New canning jars out of the box are not sterile. They can be contaminated by microorganisms that cannot be seen with our bare eyes, accumulate dust, or other small bits of debris even while being wrapped in plastic. That is why it is important to prepare your jars before canning. Sterilizing canning jars sounds scary, but it’s really very easy.
The safest way to sterilize canning jars is to boil them. Fill your canner with water and bring to a boil. This will take some time because the canner can fit a lot of water so be sure to plan ahead when you do this. You also always want to check your jars to see if there are any chips or defects, if so discard the jar or re-purpose those jars for non-canning uses.
Whether brand new or re-used many times over, you should always clean jars just prior to filling them when canning. Wash jars in a dishwasher or by hand. Never use a brush with abrasive bristles though, like wire or steel wool. Those could damage or weaken the glass. Since you’re going to be putting them into boiling water, then it’s crucial that you rinse them in hot water, and put them into the pot or canner right away. Don’t allow the glass to cool or it can cause the jar to crack.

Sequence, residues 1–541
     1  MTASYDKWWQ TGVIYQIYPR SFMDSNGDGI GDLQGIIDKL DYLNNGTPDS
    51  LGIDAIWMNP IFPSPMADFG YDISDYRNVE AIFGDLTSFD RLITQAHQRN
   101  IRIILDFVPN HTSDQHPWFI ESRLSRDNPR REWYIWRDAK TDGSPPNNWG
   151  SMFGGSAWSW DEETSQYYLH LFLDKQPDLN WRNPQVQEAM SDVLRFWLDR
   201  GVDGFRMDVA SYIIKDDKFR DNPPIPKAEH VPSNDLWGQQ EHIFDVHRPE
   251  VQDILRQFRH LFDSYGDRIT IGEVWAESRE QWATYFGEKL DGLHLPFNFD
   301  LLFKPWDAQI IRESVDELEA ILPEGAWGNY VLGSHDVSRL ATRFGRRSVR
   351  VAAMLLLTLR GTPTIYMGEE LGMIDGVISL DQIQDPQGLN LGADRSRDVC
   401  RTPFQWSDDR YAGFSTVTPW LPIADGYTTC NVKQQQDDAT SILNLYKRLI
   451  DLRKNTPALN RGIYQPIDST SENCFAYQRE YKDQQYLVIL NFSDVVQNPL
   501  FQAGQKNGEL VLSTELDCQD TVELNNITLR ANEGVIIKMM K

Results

In order to actually sterilize jars, they need to be submerged in boiling water for 10 minutes. When the process time for canning a food is 10 minutes or more (at 0-1,000 feet elevation), the jars will be sterilized during processing in the canner. Therefore, when process times are 10 minutes or more at this altitude, pre-sterilization of jars is NOT NEEDED.
When you are ready to fill the jars, remove the jars one at a time, carefully emptying the water from them back into the canner. This will keep the hot water in the canner for processing filled jars.